For Fiscal Year 2019 (FY2019), President Donald J. Trump has requested $686 billion to fund the U.S. Department of Defense (DoD). This is an increase of approximately $74 billion from FY2018 and will support the current national security and defense strategies. Unmanned systems and robotics are key technology areas that enable the United States to counter the range of evolving threats posed on the modern battlefield.
A comprehensive review of the budget documents for each service/department/agency in the DoD has been completed to identify all programs that support operations of unmanned systems. Through the National Defense Authorization Act (NDAA), Congress reviews the President’s Budget and makes changes relative to the initial funding requests. This research will provide insight into the requested funding for both procurement and research, development, test and evaluation (RDT&E) of unmanned systems and robotics.
It is estimated that the requested funding for unmanned systems and associated technologies in FY2019 increased 28 percent from FY2018 to $9.6 billion across all agencies in the DoD (approximately 1.4% of the total DoD budget). This increase of over $2.1 billion represents all unclassified programs, including overseas contingency operations (OCO). Separating the totals by funding type shows an almost even distribution, with $4.9 billion supporting RDT&E and $4.7 billion for procurement. Two figures have been provided below that separate the budget for unmanned systems by domain and by service (the “Other” category in service represents DARPA, OSD, SOCOM, etc.). Each service shows growth from FY2018 to FY2019, with the Navy experiencing the largest increase at over $1 billion. Relative to domain of operation, air is receiving the largest funding support with the budget for unmanned aircraft reaching almost $7 billion in FY2019, followed by $1.5 billion for counter-unmanned systems (C-UxS), $1.3 billion for unmanned maritime vehicles and $0.7 billion for ground robotics (these domain totals are slightly higher than actual values as they include programs that fund multiple domains). From FY2018 to FY2019, the expected budget for C-UxS technologies almost doubles.
The National Defense Authorization Act (NDAA) is passed each year to specify the funding provided to the DoD. This legislation uses the President’s Budget request as a baseline and then recommends funding changes as the congressional committees see fit. A total of seven programs related to unmanned systems were increased and 13 programs were decreased in the FY2019 House NDAA. The programs with the largest recommended increases are the RQ-4 Mods program, which seeks a $105 million increase to procure an additional EQ-4 Battlefield Airborne Communications Node (BACN) aircraft that provides communications relays for the U.S. Air Force; the Army MQ-1 UAV program, with a recommended increase of $60 million to support the MQ-1C Gray Eagle Service Life Extension Program; and the Navy Undersea Warfare Applied Research program, with an increase of $20 million to foster academic partnerships.
The programs seeing the largest decrease in funding are the Air Force MQ-9, which has a recommended cut of $149.9 million due to excess attrition aircraft removed from OCO funding, and the Navy Unmanned Carrier Aviation (UCA), which is decreased by $116.9 million due to insufficient air vehicle budget. Other topics addressed in the base bill language of the House NDAA include recommendations to allow the Army National Guard access to unmanned aircraft for military support to civilian authorities, as well as some briefing requests for more information on counter UAS technologies.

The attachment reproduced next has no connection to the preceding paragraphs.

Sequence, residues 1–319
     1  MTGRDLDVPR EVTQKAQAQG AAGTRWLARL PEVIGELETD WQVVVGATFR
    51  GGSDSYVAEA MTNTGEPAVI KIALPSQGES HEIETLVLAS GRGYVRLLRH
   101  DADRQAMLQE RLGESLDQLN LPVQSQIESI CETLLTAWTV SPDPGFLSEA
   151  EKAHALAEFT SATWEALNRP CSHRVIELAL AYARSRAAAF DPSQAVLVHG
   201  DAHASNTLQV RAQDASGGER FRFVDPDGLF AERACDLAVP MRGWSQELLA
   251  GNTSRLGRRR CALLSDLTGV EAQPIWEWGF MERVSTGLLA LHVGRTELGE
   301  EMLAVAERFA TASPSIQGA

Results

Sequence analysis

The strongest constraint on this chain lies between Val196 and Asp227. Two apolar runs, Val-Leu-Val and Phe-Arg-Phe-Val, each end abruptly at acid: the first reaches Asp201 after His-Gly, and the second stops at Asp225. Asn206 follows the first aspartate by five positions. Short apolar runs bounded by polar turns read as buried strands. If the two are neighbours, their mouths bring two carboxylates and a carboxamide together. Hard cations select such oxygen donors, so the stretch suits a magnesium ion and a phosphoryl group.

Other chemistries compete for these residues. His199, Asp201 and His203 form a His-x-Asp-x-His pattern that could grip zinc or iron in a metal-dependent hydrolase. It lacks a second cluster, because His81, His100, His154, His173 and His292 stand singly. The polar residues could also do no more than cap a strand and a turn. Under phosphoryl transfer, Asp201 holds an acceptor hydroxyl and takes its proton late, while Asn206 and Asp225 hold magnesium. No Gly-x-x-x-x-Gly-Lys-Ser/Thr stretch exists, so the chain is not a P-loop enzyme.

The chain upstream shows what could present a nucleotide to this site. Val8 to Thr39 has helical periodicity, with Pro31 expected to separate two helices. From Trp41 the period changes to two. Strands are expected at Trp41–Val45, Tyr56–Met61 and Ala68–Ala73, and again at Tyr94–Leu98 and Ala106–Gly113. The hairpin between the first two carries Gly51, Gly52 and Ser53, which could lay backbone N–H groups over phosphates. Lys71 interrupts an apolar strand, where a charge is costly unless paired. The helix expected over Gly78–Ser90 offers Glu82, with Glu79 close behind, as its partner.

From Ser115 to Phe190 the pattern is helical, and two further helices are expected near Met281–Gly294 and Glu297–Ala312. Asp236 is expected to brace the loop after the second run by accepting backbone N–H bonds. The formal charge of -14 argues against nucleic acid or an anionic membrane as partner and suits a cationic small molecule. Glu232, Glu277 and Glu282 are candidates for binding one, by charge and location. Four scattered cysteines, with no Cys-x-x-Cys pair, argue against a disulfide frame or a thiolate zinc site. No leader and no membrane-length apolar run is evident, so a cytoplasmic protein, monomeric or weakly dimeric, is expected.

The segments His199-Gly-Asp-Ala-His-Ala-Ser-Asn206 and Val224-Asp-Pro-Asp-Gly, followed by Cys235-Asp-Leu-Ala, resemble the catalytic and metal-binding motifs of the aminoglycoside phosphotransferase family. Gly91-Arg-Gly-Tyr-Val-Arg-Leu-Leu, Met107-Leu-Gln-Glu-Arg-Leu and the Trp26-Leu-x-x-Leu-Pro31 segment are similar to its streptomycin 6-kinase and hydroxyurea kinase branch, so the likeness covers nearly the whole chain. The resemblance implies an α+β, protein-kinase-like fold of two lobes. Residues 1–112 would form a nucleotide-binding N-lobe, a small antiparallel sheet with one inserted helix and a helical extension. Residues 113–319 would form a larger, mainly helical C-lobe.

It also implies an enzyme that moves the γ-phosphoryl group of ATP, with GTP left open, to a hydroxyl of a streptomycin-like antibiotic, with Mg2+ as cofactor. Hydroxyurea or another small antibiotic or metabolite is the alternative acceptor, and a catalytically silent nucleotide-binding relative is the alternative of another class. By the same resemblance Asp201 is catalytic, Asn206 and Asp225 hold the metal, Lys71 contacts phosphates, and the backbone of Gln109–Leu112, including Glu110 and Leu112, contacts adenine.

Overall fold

The Senate passed its version of the NDAA in June. It includes further recommended funding changes and directives. Significant increases were seen with the procurement of six additional MQ-9 UAS at $120 million to accelerate the Advanced Battle Management System and $100 million to fund the procurement of a fleet of Group 5 UAS for the Marine Corps. Suggested decreases to two programs related to unmanned systems were included as well – both were maritime vehicles. The committee recommends a delay of funding for the Barracuda Engineering Development Models (EDMs) (intended for use by the Navy for mine neutralization) until a Critical Design Review (CDR) drawing has been approved and there was accordingly a decrease of $26 million to this program. The committee also recognizes that $21.1 million of the $92.6 million to fund the Large Displacement Unmanned Undersea Vehicle is “early-to-need” and therefore recommends decreasing that program’s funding to a total of $71.4 million in FY2019. Other directives of note from the Senate NDAA bill involve the Gremlins Air-Recoverable UAS, acoustic threat detection to counter UAS, LED development for aviation applications, and manned-unmanned teaming of the Next Generation Combat Vehicle (NGCV).
Detailed information on both the President’s Budget request and both the House-passed and Senate-passed NDAA bills is available in the full report, which can be downloaded here.
Illustration: The U.S. Military is searching for an efficient and affordable solution to UAV threats. Microwave and laser energies may be that solution. (courtesy of DARPA.)
UAV DACH: Beitrag im Original auf https://www.uasvision.com/2018/07/06/unmanned-systems-in-us-fiscal-2019-defense-budget/, mit freundlicher Genehmigung von UAS Vision automatisch importiert, Der Beitrag gibt nicht unbedingt die Meinung oder Position des UAV DACH e.V. wieder. Das Original ist in englischer Sprache.